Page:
Laura Moffatt: I thank my hon. Friend for his intervention. Because of the very different set-up in my constituency, with the new town next to the airport, very many of my constituents work at the airport.
These debates often become polarised between those of us who are very pro-airports and those who appear to have difficulty in accepting their existence at all. It would be most odd if we were to ignore the fact that 36,000 people earn their living on or off the airport at Gatwick. Those people regularly travel into the airport and spend half their lives there; why would they not have an interest in ensuring that it was environmentally sound, that they were not being polluted while working there, and that it was surrounded by a decent environment in which to bring up a family? It is important, therefore, that we should not become polarised. We should look at the industry as a whole.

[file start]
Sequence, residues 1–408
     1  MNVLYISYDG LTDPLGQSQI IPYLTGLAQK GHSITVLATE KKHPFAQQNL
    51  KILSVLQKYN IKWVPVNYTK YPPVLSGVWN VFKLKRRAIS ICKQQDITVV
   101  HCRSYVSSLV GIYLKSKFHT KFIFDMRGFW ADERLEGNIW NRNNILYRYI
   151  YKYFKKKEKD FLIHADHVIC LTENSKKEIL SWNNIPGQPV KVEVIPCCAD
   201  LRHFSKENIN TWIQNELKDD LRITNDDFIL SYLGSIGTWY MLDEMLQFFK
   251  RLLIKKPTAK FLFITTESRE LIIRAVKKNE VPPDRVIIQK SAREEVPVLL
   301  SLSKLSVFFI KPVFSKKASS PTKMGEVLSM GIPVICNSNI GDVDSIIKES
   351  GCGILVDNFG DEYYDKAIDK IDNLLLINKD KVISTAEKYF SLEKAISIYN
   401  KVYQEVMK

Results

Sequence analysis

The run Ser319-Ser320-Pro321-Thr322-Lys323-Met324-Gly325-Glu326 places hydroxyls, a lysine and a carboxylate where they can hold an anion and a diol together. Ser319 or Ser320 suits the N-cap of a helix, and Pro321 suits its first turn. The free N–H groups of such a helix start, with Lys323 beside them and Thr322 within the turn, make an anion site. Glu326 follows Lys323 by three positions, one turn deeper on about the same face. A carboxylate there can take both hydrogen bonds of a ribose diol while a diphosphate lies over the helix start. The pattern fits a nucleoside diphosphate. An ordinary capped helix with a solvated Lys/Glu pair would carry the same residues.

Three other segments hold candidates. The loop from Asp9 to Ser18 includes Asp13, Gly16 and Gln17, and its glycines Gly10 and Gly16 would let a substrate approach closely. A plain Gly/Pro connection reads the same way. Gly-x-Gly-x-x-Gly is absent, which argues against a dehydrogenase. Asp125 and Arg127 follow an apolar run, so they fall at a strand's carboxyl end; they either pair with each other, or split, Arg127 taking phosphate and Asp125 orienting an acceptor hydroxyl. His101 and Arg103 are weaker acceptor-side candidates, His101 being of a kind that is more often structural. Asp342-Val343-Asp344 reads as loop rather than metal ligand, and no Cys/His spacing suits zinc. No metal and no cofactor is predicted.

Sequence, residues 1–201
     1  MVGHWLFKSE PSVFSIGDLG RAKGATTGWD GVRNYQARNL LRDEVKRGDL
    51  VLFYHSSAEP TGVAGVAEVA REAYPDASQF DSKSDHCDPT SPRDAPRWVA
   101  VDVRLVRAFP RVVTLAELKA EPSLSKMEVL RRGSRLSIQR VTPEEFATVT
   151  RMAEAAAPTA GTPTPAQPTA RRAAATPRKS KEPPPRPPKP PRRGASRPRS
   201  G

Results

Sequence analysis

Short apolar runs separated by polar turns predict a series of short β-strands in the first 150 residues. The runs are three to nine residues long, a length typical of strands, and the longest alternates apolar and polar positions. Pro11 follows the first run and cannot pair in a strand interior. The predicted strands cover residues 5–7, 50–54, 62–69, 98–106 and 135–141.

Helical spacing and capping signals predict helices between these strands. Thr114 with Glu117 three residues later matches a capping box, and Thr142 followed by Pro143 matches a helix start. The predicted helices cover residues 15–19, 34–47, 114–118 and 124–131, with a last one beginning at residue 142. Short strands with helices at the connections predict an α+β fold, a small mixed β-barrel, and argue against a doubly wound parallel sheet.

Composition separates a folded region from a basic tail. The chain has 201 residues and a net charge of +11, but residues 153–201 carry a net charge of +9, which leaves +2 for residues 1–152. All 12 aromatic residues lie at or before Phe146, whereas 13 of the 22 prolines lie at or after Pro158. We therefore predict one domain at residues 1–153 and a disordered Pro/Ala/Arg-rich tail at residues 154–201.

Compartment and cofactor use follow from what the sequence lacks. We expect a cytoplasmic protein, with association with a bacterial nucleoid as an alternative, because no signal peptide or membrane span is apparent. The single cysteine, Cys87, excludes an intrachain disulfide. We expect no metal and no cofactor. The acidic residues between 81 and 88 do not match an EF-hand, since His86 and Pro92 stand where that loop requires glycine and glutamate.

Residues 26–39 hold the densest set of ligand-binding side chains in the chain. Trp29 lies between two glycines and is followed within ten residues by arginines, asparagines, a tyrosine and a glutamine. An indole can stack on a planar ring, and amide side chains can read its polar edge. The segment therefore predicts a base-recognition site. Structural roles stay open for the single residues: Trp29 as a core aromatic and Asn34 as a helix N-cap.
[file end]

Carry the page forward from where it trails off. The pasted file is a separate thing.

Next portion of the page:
The Bill, far from containing a hotch-potch of subjects, as the hon. Member for Rutland and Melton (Mr. Duncan) suggested, brings together a number of important issues that our constituents wish to see addressed. That is why there is such a broad range of clauses in the Bill.
We already work in partnership with our airports. It has been made clear in earlier interventions that charges can already be levied if aircraft do not take off in the way they should, or do not behave as they should do at the airport. These measures are taken in conjunction with local authorities. When airports have a good relationship with their local authorities and their nearby residents, they can become a force for good and a decent neighbour, but we must tackle the most important issues that face us. That is why the major part of the Bill deals with emissions and allows airports to take action.